Clark Bates is a member of the Institute for Textual Scholarship and Electronic Editing (ITSEE) in the University of Birmingham and a recipient of the Midlands4Cities Doctoral Training Scholarship. He has published in the Expository Times,Diogenes, and Byzantine Review, and is currently working on a critical edition and translation of the Pseudo-Oecumenian catena of Ephesians.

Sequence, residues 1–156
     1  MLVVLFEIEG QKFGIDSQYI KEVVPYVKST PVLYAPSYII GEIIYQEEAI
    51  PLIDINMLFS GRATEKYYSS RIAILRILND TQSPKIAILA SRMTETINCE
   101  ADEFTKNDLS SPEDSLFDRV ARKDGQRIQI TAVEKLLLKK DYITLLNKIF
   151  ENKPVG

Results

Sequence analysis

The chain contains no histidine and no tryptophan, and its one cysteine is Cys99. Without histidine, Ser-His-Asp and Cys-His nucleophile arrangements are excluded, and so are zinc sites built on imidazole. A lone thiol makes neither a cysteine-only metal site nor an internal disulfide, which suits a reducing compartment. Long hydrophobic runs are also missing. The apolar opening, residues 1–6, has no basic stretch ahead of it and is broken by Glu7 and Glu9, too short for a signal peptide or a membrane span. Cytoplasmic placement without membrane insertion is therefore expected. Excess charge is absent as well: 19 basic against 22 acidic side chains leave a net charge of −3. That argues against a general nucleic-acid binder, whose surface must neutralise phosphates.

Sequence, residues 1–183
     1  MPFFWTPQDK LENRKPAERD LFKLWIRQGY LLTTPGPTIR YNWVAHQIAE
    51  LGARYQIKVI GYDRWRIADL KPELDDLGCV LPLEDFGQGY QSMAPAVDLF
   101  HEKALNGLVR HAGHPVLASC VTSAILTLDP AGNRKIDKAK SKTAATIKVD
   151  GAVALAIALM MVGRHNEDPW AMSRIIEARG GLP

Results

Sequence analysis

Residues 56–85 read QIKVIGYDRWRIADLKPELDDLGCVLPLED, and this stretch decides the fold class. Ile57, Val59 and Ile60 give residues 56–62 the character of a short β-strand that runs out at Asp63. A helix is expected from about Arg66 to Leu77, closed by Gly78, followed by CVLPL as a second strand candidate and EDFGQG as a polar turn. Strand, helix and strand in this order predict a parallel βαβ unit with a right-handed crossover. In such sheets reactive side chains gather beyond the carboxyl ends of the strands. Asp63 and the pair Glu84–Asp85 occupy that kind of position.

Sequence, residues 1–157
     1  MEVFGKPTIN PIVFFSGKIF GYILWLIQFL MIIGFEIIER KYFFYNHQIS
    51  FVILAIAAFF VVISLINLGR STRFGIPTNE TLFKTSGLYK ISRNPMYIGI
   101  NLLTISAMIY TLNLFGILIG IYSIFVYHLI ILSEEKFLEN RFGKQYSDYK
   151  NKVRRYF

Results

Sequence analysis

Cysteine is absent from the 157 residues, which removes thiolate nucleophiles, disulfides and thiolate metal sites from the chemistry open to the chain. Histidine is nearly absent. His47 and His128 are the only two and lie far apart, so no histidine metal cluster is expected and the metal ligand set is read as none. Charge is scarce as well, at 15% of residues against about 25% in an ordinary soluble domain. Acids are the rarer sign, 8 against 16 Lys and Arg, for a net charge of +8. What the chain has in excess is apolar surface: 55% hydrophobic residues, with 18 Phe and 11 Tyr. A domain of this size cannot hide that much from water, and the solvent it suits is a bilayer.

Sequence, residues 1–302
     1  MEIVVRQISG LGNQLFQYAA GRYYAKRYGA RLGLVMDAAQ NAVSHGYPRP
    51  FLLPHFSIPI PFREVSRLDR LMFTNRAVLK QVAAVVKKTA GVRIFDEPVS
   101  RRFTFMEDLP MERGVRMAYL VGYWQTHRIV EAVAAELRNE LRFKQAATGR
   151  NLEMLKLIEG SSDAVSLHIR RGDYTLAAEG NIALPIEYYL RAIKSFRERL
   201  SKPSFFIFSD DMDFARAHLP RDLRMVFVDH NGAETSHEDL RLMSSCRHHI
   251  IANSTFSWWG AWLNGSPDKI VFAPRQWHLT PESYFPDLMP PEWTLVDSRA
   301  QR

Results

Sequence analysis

Fragmentary material comprises a significant part of the manuscript tradition of the New Testament. Whether it be tattered papyrus documents, the abbreviated citation of biblical texts in early Christian writings, or the scattering of once-whole manuscripts, the story of the New Testament is a gathering of fragments—in all their forms—in the hopes that “nothing may be lost.” This volume is a result of the Twelfth Birmingham Colloquium on the Textual Criticism of the New Testament, wherein presenters were invited to approach the theme of “fragments” from any philological or philosophical framework. Chapters discuss the possible forgery of a biblical papyrus, the dismemberment of a sixteenth-century lectionary manuscript, and the Arabic text of Romans preserved in a fragmentary bilingual codex. Elsewhere, software tools are employed to re-assess the readings of manuscripts digitised in decades past and to re-evaluate the stemma of a family of manuscripts. Further contributions consider the fragments of the biblical text contained in patristic commentaries and Byzantine catenae. The wide-ranging scope of the research contained in this volume reflects the need to examine these pieces of the past so that the shape of research in the present accurately illustrates the tapestry that is the history of the New Testament texts.
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